One of the peculiar provisions of Indian patent law is that an invention involving a resident inventor shall not be revealed outside India without seeking permission from the Indian Patent Office (IPO). Particularly, section 39 of the Indian Patents Act, 1970 (act), deals with this provision of the Indian patent law. Where the application is first filed in India, the applicant is required to wait six weeks for the IPO to assess the technical nature of the invention. The IPO will determine whether the invention relates to sensitive technologies, such as defence applications or atomic energy, which could adversely affect national interests if revealed abroad. The IPO may accordingly issue secrecy directions to control the export of such inventions outside India. If the IPO does not raise any objection, the applicant is then free to file corresponding patent applications in foreign jurisdictions.
If the applicant wishes to first file the patent application outside India, they must file a request at the IPO for obtaining a foreign filing licence (FFL). This requirement arises even in cases where the application has been first filed in India, but the applicant wishes to file the application in a foreign jurisdiction within this duration of six weeks. The IPO usually grants such requests within two to three weeks, if the invention does not pertain to sensitive technologies. If the invention seems to be relating to such technologies, the IPO may refer the application to the Ministry of Defence for approval.
Now, in cases where the applicant wishes to first file a direct complete application outside India, it is clear that the applicant is required to obtain the FFL before filing the application outside India. There is, however, uncertainty with regard to the requirement of FFL in cases where the applicant first files a provisional application outside India and then files a subsequent Complete After Provisional (CAP) application outside India. While it is clear that the applicant is required to file a request to obtain an FFL before filing the provisional application, it is problematic to ascertain whether the applicant needs to obtain a second FFL before filing the CAP application.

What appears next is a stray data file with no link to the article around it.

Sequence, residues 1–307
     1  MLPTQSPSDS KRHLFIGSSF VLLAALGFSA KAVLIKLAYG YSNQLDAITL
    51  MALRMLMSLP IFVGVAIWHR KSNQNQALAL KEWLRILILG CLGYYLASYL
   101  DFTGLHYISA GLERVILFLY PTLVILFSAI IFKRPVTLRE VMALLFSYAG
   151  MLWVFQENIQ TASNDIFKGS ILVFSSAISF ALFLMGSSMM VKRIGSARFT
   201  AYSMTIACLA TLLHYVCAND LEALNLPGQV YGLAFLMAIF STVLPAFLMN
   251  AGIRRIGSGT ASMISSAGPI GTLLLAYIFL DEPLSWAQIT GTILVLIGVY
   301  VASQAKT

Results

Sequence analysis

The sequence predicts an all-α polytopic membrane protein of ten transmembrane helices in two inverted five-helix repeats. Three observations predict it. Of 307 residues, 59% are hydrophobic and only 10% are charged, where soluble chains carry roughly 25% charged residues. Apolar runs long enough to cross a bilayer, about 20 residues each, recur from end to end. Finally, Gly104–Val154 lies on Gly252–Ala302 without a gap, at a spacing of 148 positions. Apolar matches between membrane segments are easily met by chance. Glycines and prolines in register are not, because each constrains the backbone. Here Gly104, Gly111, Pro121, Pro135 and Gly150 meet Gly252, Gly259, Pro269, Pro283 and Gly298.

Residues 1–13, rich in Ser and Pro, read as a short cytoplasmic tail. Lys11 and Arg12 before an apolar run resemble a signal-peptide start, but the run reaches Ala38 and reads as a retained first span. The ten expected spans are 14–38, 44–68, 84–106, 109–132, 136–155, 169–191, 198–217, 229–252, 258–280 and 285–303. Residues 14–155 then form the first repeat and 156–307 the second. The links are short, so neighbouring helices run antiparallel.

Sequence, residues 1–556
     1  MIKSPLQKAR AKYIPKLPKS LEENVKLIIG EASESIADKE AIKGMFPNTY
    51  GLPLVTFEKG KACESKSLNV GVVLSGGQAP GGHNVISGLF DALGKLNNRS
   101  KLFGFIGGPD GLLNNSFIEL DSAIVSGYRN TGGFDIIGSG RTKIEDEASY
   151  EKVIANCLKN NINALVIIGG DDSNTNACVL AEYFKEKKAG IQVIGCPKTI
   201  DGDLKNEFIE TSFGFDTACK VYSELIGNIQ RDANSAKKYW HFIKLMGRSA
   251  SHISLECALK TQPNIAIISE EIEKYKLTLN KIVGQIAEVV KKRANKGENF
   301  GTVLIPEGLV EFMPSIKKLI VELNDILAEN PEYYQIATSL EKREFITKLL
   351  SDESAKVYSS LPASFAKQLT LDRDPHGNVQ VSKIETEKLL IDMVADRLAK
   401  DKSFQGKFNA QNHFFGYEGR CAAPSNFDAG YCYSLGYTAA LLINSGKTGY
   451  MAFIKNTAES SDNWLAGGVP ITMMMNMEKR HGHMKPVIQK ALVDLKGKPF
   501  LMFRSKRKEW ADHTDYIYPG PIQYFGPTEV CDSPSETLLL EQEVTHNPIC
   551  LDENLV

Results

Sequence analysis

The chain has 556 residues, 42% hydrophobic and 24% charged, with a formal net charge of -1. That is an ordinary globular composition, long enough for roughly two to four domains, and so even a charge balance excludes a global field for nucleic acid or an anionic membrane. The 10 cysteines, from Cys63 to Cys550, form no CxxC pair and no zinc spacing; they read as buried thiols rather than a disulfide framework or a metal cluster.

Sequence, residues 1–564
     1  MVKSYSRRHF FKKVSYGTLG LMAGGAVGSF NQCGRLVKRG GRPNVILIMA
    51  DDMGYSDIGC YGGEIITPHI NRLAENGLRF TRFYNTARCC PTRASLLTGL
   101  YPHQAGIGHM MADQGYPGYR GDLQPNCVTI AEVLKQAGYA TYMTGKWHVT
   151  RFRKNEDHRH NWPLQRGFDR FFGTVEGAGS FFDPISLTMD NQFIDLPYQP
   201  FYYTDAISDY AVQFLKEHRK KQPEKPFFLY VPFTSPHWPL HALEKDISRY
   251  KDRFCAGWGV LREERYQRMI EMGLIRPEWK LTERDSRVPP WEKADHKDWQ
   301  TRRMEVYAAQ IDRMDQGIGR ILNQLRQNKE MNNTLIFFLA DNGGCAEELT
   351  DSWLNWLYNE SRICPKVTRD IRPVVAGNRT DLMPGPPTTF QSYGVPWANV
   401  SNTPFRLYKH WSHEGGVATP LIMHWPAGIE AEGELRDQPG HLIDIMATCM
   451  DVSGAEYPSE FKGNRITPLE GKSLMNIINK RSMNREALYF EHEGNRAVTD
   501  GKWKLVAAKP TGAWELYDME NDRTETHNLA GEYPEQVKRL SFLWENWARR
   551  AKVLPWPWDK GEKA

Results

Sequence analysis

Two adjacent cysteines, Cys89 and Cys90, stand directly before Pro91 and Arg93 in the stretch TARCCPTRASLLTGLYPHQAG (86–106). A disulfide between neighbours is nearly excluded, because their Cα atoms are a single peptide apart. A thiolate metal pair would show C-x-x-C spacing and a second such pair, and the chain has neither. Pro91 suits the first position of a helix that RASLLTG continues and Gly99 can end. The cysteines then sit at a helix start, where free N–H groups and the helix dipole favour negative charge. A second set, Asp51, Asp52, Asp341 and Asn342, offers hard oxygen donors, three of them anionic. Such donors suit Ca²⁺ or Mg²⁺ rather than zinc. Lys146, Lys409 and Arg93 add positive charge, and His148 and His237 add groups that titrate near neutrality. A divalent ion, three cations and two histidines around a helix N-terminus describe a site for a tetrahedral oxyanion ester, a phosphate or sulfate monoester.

It is quite common for applicants to introduce additional content in the specification, such as detailed disclosure of embodiments, drawings and claims, at the time of filing the CAP application. Particularly, in cases where such additional content is included in the CAP application, the requirement of FFL becomes confusing for the applicants.
It is pertinent to note that the act does not require the applicant to make full disclosure of the invention in the request for the FFL. In fact, brief details of the invention, such as a summary of the invention and the title are usually sufficient for the IPO to determine whether the invention relates to sensitive technologies.
This is a clear indication that the applicant does not have to make full disclosure of the invention when the IPO reviews it before issuing the FFL. Thus, the applicant is not required to obtain a second FFL for the additional content before filing the CAP application. This assumes that the additional content does not relate to sensitive technologies, and that the overall content of the CAP application is within the scope of the provisional application, for which the IPO has already issued the FFL.
Only where the newly added content of the CAP application is outside the scope of the provisional application or directly hints towards the invention being usable in sensitive sectors, should the applicant consider filing the second FFL request. This would equally hold true with regard to the requirement of obtaining FFL for the patent of addition.
For clarity purposes, an example can be considered where the disclosure submitted along with the request for obtaining the FFL related to a vehicle tracking system and the IPO had issued the FFL. While filing the CAP application, the applicant realizes that the invention can also be deployed in military vehicles to track tank movements during battle and thus includes this embodiment in the description of the CAP application. Since this embodiment relates to a defence-related application, such additional content is required to be examined by the IPO. In such cases, the applicant should file a request for a second FFL before filing the CAP application.
Therefore, where the CAP specification falls within the scope of the provisional specification and the additional content does not include any embodiment of the invention in a field of sensitive technology, the applicant is not required to obtain the second FFL. This strategy would reduce the overall cost of filing the CAP application. At the same time, it will also eliminate the delay caused in the filing of the CAP application due to a filing of the second FFL.
Piyush Sharma is a managing associate at LexOrbis.
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